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Andy Sonnanstine Leaves No One

It's not the strong that survive, but the most adaptable. - A paraphrasing of Charles Darwin's theory of evolution.

At its core, pitching is a form of sadism and survival.

Every pitch is an act of disobedience towards the body's natural movement. Every base runner allowed is another to be blamed with. Every tendency studied, every pitch clocked and recorded, and if you have a weakness, it won't be a secret for long. Pitchers must constantly evolve in philosophy and ability to stick in the major leagues. The ones who don't fail to last long.

This brings me to Andy Sonnanstine. Sonnanstine has faced a little under 1,800 batters in his career but possesses a 64% strand rate. League average is generally around 70%. During any given season you would expect that ratio to regress towards the mean unless the pitcher has a history that suggests otherwise. Star pitchers are known to strand a good deal more than average while lesser beings strand fewer runners. This is to say that clutch pitching does exist - Tom Glavine being the poster boy - and tends to be a repeatable skill.

I do not know the exact batters faced total in which we should start looking at this being true talent rather than bad luck, but stuff like this tends to stabilize rather quickly - which is to say it's the anti-BABIP. With such, I decided to look at potential reasons for Sonnanstine's struggles (and this is putting it lightly) with men on for the first time ... well ever.

In state with nobody on base Sonnanstine's career OPS against is .741 (BABIP of .289) meanwhile with someone on (base is irrelevant) his OPS against is .899 (BABIP is .356), so what gives?  

To the pitchfx cave we go.

I started this research with the idea to look at every single pitch thrown by base state. Needless to say, with 16 starts in my database that became tedious and overwhelming. Instead, I limited the first test to Sonnanstine's start in Oakland. He allowed a plethora of baserunners and was always pitching with his back against the wall.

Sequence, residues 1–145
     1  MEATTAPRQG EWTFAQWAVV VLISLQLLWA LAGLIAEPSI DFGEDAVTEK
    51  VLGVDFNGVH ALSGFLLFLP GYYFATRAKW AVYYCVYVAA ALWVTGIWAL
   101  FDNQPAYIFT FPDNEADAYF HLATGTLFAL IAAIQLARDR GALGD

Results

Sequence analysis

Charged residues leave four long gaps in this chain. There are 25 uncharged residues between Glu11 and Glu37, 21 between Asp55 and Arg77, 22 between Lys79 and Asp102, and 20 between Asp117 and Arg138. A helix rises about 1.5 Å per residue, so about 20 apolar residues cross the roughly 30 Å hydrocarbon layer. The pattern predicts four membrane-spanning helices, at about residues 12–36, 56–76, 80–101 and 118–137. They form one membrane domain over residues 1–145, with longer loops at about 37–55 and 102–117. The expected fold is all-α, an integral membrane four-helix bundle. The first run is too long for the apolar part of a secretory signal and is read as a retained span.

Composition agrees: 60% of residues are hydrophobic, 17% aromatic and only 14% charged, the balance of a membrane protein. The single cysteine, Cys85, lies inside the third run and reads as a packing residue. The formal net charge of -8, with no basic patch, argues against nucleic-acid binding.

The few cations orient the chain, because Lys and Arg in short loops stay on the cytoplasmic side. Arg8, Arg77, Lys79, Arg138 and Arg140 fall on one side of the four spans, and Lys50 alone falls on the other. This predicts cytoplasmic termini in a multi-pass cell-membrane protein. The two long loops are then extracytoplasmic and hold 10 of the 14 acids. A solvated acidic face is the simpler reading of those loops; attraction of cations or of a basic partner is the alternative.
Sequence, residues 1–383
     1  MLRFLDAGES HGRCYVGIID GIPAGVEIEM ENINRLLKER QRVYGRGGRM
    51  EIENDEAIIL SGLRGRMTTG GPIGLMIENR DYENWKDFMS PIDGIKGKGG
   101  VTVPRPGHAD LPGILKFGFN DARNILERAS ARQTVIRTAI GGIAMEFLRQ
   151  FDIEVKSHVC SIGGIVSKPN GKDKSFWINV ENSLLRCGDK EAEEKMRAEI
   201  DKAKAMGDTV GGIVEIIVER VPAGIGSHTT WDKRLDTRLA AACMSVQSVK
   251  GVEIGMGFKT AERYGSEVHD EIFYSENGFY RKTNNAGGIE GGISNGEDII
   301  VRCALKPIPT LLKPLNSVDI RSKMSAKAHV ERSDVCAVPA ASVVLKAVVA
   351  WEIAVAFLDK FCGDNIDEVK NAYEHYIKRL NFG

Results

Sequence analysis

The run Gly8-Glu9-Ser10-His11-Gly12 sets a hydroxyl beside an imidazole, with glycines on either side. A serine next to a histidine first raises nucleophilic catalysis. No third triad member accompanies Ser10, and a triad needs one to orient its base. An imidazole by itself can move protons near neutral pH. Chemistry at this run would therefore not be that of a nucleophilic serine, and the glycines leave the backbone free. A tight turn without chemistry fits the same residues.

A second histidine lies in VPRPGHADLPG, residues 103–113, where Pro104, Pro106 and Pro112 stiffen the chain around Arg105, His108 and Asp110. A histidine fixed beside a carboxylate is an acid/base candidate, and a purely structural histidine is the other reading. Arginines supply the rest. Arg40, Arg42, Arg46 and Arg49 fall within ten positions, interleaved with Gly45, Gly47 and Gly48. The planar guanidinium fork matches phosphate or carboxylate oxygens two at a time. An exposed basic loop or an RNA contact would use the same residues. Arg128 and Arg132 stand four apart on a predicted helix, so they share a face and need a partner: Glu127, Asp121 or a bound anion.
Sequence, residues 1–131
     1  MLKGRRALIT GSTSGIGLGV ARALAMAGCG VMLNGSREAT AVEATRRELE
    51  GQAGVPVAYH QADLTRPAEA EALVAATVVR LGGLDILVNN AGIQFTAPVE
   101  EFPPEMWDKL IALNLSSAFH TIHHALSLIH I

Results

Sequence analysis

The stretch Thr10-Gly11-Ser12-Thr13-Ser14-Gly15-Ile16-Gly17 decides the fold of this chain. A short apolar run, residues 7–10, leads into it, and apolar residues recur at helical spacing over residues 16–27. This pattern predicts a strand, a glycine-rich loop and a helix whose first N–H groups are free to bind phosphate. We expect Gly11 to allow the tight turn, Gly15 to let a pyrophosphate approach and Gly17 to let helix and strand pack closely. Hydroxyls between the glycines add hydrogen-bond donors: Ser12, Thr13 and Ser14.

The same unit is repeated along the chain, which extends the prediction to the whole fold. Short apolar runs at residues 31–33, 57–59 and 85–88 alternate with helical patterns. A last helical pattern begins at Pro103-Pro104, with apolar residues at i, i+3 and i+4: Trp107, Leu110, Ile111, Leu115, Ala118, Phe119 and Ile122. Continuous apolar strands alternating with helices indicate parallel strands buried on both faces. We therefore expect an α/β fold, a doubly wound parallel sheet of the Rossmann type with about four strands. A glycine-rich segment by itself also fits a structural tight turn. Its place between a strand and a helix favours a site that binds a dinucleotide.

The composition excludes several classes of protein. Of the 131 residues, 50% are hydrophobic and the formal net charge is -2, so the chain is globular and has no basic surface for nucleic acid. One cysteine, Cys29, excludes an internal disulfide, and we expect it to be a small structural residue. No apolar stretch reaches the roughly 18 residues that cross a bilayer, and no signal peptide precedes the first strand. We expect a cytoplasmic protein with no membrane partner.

25 of 79 pitches were made without a runner on. That is an incredibly poor rate. Here's the breakdown by pitch type:

1 four-seam

4 sliders

9 curves

11 cutters

For the 54 with men on, the breakdown is as follows:

1 pitch-out

1 change-up

11 sliders

12 cutters

13 four-seam

16 curves

Sonnanstine goes from not using his four-seam fastball to using it quite a bit. His cutter is used fewer times relative to total pitches thrown while his curve and slider mor+e. Do these approaches on this day differ in location?


It's hard to say. Sonnanstine appears to be all over the place with men on. How about release points:


Even with the knowledge that Sonnanstine threw a pitch-out, the spread of release points - horizontally - is wider and suffers from more variation. We have a n of one right now, so while it would be easy to say Sonnanstine just isn't comfortable with his release points from the stretch - or perhaps comfortable with his original release point from the stretch and attempts to fool batters by changing things up - it does give us something to look at in other starts, and look at I did.

I randomly sampled three other starts which give us a sample size of one-fourth of Sonnanstine's total starts entering Labor Day. I found that similar tendencies were displayed in each; leading me to question whether Sonnnanstine is making a conscious effort to change his release points, why, and if this potentially causes reduced effectiveness. It's important to note these altered points are inconsistent with the changes Sonnanstine used upon arrival. Those were vertical shifts more so than horizontal. He's essentially sliding along the x-axis

I also wonder, given his improved statistics with men on in the minors this season, if the Rays have attempted to fix this. Minor league pitchfx data is obviously unavailable and I'm not going to put a ton of weight on what is one start back, but this is an interesting quirk, if not entirely telling, of the issues with Sonnanstine's strand rate.

Unfortunately there is little in ways of absolute. Maybe it's his release points, maybe it's his pitch selection, maybe it's something I didn't think of. I'm simply providing something that stuck out in the data I looked at.

Only time will tell if Sonnanstine alters his path from dodo bird to canary.